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Clarifying the Auditing Standards

Significant changes and planning steps related to the Clarity Project of the Auditing Standards Board (ASB).

May 17, 2010
Sponsored by PPC Self-Study CPE Courses

The Auditing Standards Board’s (ASB) “Clarity Project” is going to do more than just reformat and reorganize existing U.S. audit standards, it will converge them with the International Standards on Auditing (ISAs). Small firm practitioners will need to understand and implement these revised standards as businesses of all sizes become more global in their operations.

What Is the Clarity Project?

The Clarity Project is a multi-year effort undertaken by the ASB to reformat and redraft all of the existing U.S. auditing standards for nonpublic companies while converging them with International Standards on Auditing. The goal is to make U.S. audit standards easier to use.

What Is the Effective Date?

All but six of the clarified AU sections are expected to apply to audits of financial statements for periods beginning on or after December 15, 2010. This date is tentative and can be changed by the ASB if needed, but early application is prohibited. Therefore, similar to the Financial Accounting Standards Board (FASB) Codification project, you can expect an entirely new body of authoritative U.S. auditing literature for nonpublic companies beginning in 2011.

What’s Changing?

The reformatting and redrafting of the auditing standards are being done with the following guidelines in mind:

  • Establish objectives for each of the standards and define the auditor’s obligation related to the objectives.
  • Make structural and drafting improvements to the standards so they’re easier to read, understand and apply.
  • Include, in the explanatory material, special considerations related to audits of both governmental and small entities.
  • Converge with the ISAs or clearly establish reasons for not doing so.

In many cases, the reformatting and redrafting won’t change existing practice. However, in instances where the existing U.S. standard differs significantly from its international counterpart, major changes may be needed to bring the two into agreement.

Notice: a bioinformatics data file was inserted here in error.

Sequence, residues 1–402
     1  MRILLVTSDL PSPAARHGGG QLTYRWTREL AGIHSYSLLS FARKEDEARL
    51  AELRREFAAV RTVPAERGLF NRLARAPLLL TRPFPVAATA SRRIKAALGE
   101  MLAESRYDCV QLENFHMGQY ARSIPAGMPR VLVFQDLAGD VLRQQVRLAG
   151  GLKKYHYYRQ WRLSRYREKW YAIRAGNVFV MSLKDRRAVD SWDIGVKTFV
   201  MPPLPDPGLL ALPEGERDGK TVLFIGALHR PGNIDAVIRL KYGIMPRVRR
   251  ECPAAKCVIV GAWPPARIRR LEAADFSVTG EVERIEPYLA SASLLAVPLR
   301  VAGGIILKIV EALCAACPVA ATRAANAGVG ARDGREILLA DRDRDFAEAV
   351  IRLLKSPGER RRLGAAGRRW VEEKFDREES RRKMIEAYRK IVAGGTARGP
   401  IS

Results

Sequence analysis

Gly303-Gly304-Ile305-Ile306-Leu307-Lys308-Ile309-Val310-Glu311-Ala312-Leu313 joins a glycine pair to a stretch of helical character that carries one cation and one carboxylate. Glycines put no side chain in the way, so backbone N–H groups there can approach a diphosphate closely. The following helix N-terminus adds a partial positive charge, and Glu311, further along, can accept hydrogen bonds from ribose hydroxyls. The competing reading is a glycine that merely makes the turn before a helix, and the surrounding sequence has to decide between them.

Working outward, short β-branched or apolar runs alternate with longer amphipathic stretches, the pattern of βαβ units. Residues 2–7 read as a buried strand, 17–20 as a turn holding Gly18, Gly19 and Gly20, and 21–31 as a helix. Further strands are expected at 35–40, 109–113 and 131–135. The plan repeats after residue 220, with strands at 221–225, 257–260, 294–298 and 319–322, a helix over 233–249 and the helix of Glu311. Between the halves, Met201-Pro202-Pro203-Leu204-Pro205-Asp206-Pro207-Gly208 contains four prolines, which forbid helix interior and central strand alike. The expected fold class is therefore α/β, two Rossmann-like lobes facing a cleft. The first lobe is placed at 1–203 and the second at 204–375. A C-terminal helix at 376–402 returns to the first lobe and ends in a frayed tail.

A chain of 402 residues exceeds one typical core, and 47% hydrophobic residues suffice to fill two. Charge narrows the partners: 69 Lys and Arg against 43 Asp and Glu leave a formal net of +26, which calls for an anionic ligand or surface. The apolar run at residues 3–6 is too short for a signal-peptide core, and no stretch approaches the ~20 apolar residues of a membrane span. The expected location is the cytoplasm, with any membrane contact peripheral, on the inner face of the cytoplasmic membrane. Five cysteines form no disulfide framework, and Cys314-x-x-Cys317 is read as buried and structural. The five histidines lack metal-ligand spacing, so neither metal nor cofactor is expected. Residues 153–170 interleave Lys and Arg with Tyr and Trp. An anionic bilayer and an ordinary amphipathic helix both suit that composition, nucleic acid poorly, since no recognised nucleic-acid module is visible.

Significant Changes

Based on clarified standards that have been exposed by the ASB to date, here are the areas where significant changes to U.S. standards are expected:

  • Auditor’s Reports. Expect major changes in the language of the auditor’s report, including special reports and reports on supplementary information.
  • Subsequent Events. Expect accounting guidance to be moved from the auditing standards, resulting in changes in auditor responsibility.
  • Initial Audits. Expect some additional requirements related to opening balances.
  • Illegal Acts. Expect additional requirements related to detecting noncompliance with laws and regulations that could have a material effect on the financial statements.
  • Service Organizations. Expect changes in the user auditor’s responsibilities, as well as reporting changes when using the work of a service auditor.

In addition, possibly the most significant changes from a training standpoint will relate to the following:

  • Terminology. You’ll see major changes in the terminology used in the auditing standards as a result of international convergence.
  • Geography. Some existing AU sections will be merged, others will be split apart and some will find their way to new locations in bits and pieces. When all is said and done, it may take time and training to become familiar with the new layout.

Planning for Implementation

You need to plan now for the coming changes. Consider doing the following:

  • Read current awareness materials from the AICPA and PPC to help you stay informed as the project progresses.
  • Read the project exposure drafts as they are issued; don’t wait until 2011.
  • Consider the need for training in 2010 to be sure that your staff is ready when the effective date arrives.

Planning ahead will ensure a smooth transition to the revised standards.

— From the CPE & Training Solutions eNewsletter from the Tax & Accounting business of Thomson Reuters, December 2009. To view current and past issues of the eNewsletter, click here.

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